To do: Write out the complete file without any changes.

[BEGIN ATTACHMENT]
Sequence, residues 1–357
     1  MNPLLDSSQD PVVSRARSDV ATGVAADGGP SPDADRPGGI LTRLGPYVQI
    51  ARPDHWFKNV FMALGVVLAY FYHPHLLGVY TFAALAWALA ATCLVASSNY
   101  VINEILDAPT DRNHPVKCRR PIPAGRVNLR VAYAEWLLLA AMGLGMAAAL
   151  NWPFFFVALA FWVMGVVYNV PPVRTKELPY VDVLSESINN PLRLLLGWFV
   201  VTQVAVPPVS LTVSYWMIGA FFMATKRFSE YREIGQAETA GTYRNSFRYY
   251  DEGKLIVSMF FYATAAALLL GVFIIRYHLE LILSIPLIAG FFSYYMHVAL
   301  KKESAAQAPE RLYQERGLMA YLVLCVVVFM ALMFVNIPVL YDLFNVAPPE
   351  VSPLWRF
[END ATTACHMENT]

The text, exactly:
Sequence, residues 1–357
     1  MNPLLDSSQD PVVSRARSDV ATGVAADGGP SPDADRPGGI LTRLGPYVQI
    51  ARPDHWFKNV FMALGVVLAY FYHPHLLGVY TFAALAWALA ATCLVASSNY
   101  VINEILDAPT DRNHPVKCRR PIPAGRVNLR VAYAEWLLLA AMGLGMAAAL
   151  NWPFFFVALA FWVMGVVYNV PPVRTKELPY VDVLSESINN PLRLLLGWFV
   201  VTQVAVPPVS LTVSYWMIGA FFMATKRFSE YREIGQAETA GTYRNSFRYY
   251  DEGKLIVSMF FYATAAALLL GVFIIRYHLE LILSIPLIAG FFSYYMHVAL
   301  KKESAAQAPE RLYQERGLMA YLVLCVVVFM ALMFVNIPVL YDLFNVAPPE
   351  VSPLWRF